The site of La Milloque (Aquitaine Basin, south-western France), dated to the end of the Late Oligocene (MP29 reference level), has yielded an important fauna of mammals since its discovery in 1868. Notably, three different size species of Moschidae (Ruminantia) were identified at this locality: Dremotherium quercyi, Dremotherium guthi and Bedenomeryx milloquensis. Dental microwear analysis was used to determine their respective feeding preferences in comparison to various extant ungulates. The smallest one, D. quercyi, was close to leaf browsing extant species and to the mixed-feeding species Tragelaphus scriptus, and so fed mainly on leaves. The largest species D. quercyi and B. milloquensis showed affinities with grazing extant species, and so consumed grasses. Thus they constitute the oldest brachydont grazing ruminants analysed up until now. The results, in agreement with previous studies, imply the existence of a mixed environment at La Milloque, ranging from light forest to more open areas constituted of grasses.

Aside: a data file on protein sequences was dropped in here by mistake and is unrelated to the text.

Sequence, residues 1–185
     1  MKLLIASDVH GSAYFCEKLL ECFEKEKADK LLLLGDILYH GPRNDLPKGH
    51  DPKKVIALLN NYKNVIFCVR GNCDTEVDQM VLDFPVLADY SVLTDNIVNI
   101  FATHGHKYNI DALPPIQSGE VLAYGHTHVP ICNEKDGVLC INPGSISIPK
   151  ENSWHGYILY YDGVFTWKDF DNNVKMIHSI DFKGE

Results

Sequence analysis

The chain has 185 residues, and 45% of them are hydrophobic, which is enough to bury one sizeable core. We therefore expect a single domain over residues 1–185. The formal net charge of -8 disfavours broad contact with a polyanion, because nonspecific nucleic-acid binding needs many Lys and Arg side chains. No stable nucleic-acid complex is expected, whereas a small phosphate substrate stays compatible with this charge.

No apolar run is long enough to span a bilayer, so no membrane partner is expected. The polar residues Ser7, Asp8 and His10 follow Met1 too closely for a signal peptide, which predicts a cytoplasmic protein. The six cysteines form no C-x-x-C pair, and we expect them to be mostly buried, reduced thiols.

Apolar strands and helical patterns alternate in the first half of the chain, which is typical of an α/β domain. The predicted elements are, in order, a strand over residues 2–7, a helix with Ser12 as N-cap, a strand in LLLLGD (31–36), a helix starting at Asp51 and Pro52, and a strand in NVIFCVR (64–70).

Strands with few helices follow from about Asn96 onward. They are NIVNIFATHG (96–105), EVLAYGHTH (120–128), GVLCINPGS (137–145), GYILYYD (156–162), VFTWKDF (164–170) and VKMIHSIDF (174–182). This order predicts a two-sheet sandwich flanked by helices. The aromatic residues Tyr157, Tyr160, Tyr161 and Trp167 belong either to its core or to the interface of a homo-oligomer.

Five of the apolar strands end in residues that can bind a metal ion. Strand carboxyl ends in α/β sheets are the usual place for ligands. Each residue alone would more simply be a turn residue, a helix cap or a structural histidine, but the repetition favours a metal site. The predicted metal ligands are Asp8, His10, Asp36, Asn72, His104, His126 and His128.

La Milloque, Late Oligocene, Ruminants, Dental microwear, Feeding preference, Paleoenvironment, France